SHELTERMAKER’S MANUAL PUBLISHED

Well here they are, my beautiful babies, weighing in at a healthy 560+645gms respectively, Volumes 1 & 2 of The Sheltermaker’s Manual!

The books will launched at 7pm on March 15th at Sheelagh na Gig Bookshop & Cafe, Cloughjordan, Co. Tipperary

Books are available at a discount direct from the Living Architecture Centre HERE

Peter Cowman, director Living Architecture Centre

PRESS RELEASE FROM PYTHON PRESS ON THE MANUAL AND TOUR

.pdf to be freely downloaded and circulated to media

Python Press have kindly agreed to make available the Introduction to the Sheltermaker’s Manual.

This makes for interesting reading.

Please feel free to share this with friends.

There are lots of interesting talking points in there!

DOWNLOAD INTRODUCTION TO THE SHELTERMAKER’S MANUAL

INVITATION

EVERYTHING IS NOW IN PLACE FOR A MAGIC TOUR!

YOU CAN HELP TO MAKE IT HAPPEN BY SHARING THE .pdf BELOW WITH FRIENDS.

SHELTERMAKER TOUR PROGRAMME UPDATE FRIDAY February 22nd

DOWNLOAD .pdf WITH TOUR INFO. AND HOT LINKS TO EVENTS

SHELTERMAKER’S TOUR EVENTS

Wednesday March6, Duncormick, Co.Wexford 7.30pm Evening Talk/Presentation ‘Invisible Architecture’

Thursday March 7, Common Thread Cafe, Clonmel, Co. Tipperary 7.30pm Evening Talk/Presentation ‘Awakening Our Sheltermaker Genes’

Sat/Sun March 9/10th, Cahir, Co. Tipperary 2-day EconoSpaceMaking Hands-on Workshop

Friday March 15th Sheelagh na Gig bookshop, Cloughjordan Co. Tipperary ‘The Sheltermaker’s Manual’ Launch

Saturday March 16th Eco-Building On A Shoestring 1-day intensive Workshop, Cloughjordan, Co. Tipperary

Friday March 22nd Gyreum Eco Lodge, Castlebaldwin, Co. Sligo, 7.30pm Evening Talk/Presentation ‘Awakening Our Sheltermaker Genes’

Sat/Sun March 23rd/24th Gyreum Eco Lodge, Castlebaldwin, Co. Sligo 2-day EconoSpaceMaking Hands-on Workshop

Saturday March 30th Eco-Building on a Shoestring & Dream Home Workshops, Duncormick, Co.Wexford

Wednesday April 3rd Inchicore, Dublin, 7.30pm Evening Talk/Presentation ‘Invisible Architecture’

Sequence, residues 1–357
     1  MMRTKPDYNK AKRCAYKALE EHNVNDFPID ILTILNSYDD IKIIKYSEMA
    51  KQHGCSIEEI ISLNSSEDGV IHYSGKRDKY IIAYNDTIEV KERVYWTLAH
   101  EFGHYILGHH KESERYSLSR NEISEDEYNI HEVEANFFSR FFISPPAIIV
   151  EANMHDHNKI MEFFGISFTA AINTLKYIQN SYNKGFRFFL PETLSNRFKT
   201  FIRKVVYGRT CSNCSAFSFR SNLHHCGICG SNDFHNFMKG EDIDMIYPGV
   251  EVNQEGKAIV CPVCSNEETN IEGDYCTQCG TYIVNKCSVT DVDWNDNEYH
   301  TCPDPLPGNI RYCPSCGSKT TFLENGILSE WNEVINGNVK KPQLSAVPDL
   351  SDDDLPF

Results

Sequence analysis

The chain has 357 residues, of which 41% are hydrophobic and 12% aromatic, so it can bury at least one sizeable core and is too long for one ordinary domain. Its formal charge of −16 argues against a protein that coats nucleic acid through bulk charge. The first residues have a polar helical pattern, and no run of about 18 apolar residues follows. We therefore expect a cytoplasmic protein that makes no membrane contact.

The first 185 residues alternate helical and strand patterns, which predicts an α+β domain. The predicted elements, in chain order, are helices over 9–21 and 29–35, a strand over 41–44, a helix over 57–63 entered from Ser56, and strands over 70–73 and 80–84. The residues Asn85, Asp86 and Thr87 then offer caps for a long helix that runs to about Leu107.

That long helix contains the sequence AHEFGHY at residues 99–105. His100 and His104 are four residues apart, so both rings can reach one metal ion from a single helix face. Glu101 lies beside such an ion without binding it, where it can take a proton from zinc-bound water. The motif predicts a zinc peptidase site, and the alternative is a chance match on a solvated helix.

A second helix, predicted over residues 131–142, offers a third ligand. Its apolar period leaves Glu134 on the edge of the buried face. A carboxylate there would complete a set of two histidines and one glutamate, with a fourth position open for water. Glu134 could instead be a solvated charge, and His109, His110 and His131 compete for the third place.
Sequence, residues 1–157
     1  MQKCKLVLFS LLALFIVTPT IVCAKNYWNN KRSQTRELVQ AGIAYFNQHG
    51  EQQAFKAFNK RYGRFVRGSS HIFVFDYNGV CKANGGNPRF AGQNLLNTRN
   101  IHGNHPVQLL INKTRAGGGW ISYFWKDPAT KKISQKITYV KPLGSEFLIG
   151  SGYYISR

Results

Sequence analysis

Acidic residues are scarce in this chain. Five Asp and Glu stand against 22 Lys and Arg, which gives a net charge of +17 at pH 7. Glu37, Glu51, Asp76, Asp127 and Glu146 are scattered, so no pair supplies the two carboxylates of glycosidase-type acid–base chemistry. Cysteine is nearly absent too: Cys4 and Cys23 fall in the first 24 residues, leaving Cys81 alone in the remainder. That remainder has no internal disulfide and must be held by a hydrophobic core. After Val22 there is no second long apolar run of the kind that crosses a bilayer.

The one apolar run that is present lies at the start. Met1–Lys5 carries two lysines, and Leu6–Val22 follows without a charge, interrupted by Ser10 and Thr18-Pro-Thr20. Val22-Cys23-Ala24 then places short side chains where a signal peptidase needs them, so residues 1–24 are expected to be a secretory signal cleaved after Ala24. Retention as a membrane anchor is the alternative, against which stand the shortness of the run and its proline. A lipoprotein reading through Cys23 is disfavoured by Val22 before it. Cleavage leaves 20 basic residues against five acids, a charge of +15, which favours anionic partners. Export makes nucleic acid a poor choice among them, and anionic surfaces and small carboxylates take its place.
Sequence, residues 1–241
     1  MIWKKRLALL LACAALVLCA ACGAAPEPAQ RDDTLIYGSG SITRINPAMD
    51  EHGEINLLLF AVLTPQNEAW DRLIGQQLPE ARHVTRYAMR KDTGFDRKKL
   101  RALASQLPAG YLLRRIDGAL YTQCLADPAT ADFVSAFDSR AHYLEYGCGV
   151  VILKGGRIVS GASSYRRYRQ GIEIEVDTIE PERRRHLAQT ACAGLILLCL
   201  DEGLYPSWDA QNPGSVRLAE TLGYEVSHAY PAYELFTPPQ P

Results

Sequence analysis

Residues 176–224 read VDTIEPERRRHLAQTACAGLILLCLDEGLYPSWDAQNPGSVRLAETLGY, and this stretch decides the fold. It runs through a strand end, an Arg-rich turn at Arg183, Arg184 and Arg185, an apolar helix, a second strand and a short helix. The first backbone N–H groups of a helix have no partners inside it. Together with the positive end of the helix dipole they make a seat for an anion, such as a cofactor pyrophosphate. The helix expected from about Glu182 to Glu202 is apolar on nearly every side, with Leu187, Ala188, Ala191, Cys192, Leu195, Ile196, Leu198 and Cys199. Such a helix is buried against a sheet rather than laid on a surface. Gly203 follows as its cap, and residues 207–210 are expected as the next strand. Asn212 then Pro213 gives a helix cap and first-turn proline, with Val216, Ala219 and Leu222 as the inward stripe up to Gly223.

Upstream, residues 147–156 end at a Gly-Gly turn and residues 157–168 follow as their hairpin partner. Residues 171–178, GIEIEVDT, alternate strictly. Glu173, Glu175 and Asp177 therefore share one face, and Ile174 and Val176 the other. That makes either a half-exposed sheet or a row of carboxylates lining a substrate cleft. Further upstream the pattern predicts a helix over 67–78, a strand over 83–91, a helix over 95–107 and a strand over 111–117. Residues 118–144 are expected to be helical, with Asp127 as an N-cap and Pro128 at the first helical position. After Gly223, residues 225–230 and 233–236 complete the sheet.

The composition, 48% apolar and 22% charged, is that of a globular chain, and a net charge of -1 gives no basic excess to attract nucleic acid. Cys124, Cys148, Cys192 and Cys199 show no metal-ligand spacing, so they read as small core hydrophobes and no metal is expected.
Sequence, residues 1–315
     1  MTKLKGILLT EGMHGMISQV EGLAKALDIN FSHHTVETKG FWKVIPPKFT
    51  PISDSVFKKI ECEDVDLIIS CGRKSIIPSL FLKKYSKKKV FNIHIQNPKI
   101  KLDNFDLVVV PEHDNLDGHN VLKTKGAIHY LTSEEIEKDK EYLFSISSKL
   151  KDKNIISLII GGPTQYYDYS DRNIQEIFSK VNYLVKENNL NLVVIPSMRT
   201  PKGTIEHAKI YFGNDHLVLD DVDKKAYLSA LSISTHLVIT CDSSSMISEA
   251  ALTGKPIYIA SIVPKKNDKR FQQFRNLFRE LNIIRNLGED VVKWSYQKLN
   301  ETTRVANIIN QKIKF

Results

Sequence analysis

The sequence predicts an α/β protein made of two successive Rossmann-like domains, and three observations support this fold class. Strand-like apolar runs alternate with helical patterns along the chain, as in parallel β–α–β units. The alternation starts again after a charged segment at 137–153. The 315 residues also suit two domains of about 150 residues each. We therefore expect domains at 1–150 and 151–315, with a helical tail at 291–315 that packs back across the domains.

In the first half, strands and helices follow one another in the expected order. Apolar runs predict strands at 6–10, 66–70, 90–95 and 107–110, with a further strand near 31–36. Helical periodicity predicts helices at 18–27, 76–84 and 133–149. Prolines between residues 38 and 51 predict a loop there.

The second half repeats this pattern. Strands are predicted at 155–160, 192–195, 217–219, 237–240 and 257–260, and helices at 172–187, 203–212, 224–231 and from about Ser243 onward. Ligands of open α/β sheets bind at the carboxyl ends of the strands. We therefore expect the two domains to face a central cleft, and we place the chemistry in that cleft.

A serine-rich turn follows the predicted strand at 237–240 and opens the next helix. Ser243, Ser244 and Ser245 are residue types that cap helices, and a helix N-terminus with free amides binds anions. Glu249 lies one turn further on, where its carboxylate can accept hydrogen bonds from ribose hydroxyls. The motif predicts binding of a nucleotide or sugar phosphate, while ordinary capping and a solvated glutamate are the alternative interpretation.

Sat/Sun April 6th/7th EconoSpaceMaking, 2-day Hands-on Workshop, Inchicore, Dublin

SHELTERMAKING IN BOLIVIA

WATCH VIDEO

Ingrid Vaca Diez is on a mission to build better homes for the poor.

With few funds and little support, she uses the only resource she can find in abundance – empty plastic bottles.

Her own life in Santa Cruz, Bolivia, is one of relative comfort but she is shocked by the rising level of poverty she sees around her.

Though completely self-taught, she designs and builds new homes using recycled plastic bottles filled with dirt as the “bricks”. So far, she has built 10 of these homes.

The people she is trying to help are rural, indigenous migrants, often living in single room, dirt floor shacks.

the end of a civilisation is a very extensive event … by gillies macbain

i met an elderly woman in hayes hotel, who observed that there was
more room to sit down in the hotel these days. she meant that
recession had thinned the ranks of pensioners having a mid morning
breakfast ‘out’. then she said : ‘we are back to the 40s ‘

she reminisced about having to work in england in the 1940s. her mother
sent her the ‘tipperary star’ each week, and enclosed in it two smoked
rashers – obtainable in england, but only if you brought your ration book . . .

back to the forties ? the dependent and aimless blame the government,
but the government are no more to blame than the county council for
a recession that is not just in thurles, nor just ireland, nor just europe,
but worldwide.

i am a superpessimist. the celtic tiger over ? no way. there are two
sides to every tiger. the tiger is alive and well and busy chewing up those
who dared to take free a ride when he was travelling well. superpessimist ?
i think that we have come not only to the end of a boom, but the end of
the global industrial civilisation.

READ THE REMAINDER OF THIS ….

GRAND CENTRAL STATION

Exactly 100 years ago this month, in February 1913, one of the 20th Century’s most elaborate and majestic buildings was inaugurated in New York – an extraordinary amalgam of technological sophistication and architectural wonder.

It was – and still is – located at the very epicentre of midtown Manhattan on 42nd Street and Park Avenue. It was originally built for the New York Central Railroad, owned by the Vanderbilts, and it was formally styled Grand Central Terminal, because all the railway lines ended there. But it’s always been more colloquially and affectionately known as Grand Central Station, or even as New York’s living room.

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